You know that part at the end of “The Empire Strikes Back” where a robot is giving Luke Skywalker a robotic hand and it looks and works just like his old hand? Well, that’s not science fiction anymore.
What’s interesting about the arm in that video is that it’s controlled by implants in the remaining arm tissue. Which apparently works well – better than sensors on the surface of the skin. But what if it could be controlled by the brain itself? I read Beyond Boundaries: The New Neuroscience of Connecting Brains with Machines-and How It Will Change Our Lives last year. Author Miguel Nicolelis, one of the world’s leading brain-machine interface scientists, has allowed mice and monkeys to control robotic arms using nothing but their thoughts, sometimes from halfway around the world. Sounds like science fiction, but it’s real.
At first, this required implanted neuron sensors – aka dangerous and potentially damaging brain surgery. However, there have been some further advances to make available non-invasive caps that measure the same impulses of the brain. Here’s a video of that – in which two guys trade thoughts through that kind of setup.
Nicolelis explains why these interfaces work, and it’s pretty incredible. Whenever we pick up any tool, our brain treats it as an extension of our arm. If you’re holding a rake, your brain handles that by acting as if your arm just got three times as long. Not only does it adjust the movements of your arm to accommodate the rake, it also can make assessments of your surroundings by sensing feedback received through the rake. Amazing!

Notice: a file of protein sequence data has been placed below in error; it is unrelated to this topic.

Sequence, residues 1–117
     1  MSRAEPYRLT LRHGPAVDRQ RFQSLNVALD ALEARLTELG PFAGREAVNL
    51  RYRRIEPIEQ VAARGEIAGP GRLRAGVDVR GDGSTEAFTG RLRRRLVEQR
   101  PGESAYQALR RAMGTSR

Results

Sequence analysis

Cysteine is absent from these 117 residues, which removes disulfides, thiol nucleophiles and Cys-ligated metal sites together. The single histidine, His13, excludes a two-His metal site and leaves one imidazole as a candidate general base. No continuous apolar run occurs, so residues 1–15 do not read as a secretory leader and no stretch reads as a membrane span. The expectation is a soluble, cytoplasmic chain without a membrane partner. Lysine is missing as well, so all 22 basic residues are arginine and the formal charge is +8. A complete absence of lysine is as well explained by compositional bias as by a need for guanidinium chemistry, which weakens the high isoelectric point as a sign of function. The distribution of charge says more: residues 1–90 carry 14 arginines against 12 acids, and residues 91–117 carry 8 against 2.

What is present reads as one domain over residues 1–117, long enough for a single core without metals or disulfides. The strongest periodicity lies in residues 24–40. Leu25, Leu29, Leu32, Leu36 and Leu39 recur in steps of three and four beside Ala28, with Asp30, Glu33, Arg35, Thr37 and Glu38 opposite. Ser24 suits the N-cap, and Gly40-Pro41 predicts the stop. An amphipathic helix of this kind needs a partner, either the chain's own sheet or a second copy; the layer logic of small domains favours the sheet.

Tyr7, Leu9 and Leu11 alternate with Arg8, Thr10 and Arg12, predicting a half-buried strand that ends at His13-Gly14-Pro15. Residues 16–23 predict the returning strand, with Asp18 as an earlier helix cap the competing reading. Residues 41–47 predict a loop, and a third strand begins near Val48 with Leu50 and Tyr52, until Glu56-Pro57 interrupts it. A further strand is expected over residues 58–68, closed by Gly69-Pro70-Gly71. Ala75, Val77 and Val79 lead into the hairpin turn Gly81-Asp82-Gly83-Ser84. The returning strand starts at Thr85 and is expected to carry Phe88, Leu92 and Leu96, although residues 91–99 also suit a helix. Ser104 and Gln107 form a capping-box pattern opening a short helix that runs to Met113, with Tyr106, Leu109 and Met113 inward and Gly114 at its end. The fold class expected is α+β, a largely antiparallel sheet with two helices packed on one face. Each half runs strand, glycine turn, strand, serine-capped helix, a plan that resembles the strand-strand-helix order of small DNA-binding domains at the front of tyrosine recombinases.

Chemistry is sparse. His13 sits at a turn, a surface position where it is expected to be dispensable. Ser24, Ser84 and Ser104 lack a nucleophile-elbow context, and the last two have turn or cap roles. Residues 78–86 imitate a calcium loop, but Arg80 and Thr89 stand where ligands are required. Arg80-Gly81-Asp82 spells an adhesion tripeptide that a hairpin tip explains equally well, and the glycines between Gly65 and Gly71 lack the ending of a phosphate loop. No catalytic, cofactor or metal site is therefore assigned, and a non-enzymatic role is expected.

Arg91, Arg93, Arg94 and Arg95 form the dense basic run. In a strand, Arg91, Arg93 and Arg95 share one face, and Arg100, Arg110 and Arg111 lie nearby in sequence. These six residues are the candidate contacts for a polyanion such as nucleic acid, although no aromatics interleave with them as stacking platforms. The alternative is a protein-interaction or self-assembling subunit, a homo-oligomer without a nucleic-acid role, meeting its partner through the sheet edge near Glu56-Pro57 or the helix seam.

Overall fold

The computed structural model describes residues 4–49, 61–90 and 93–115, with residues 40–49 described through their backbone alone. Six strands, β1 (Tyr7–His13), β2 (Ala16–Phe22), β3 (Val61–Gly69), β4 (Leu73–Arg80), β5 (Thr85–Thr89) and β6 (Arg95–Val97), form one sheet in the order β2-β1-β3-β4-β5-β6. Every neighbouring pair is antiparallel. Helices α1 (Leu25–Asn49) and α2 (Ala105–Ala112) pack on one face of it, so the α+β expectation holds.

The tools become a part of our brain and our body. That’s why we have such great abilities to finely control everything from screwdrivers to cars to video game controllers and musical instruments. Essentially all of our tools are some kind of brain-machine interface. So as far as robotic limbs go, our mind has been ready for these technological advances all along. We just needed the technology to catch up.
Definitely check out Beyond Boundaries if you’re interested in the brain, medical technologies, robotics or brain-machine interfaces. Even in the two or three years it’s been out, crazy advances have been made in the field. But for the layman (e.g. me), it’s a great exploration into where the field is and where it’s going. The future is here, and it’s pretty damn cool.
I, too, am working on my own robotic arm. It’s… uh… it’s not as advanced as those others:
I’ll let you know as soon as I can control it with my brain. In the meantime, I will now finish writing this blog post with my electronic arm:
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(Like I said, I’m still working on it.)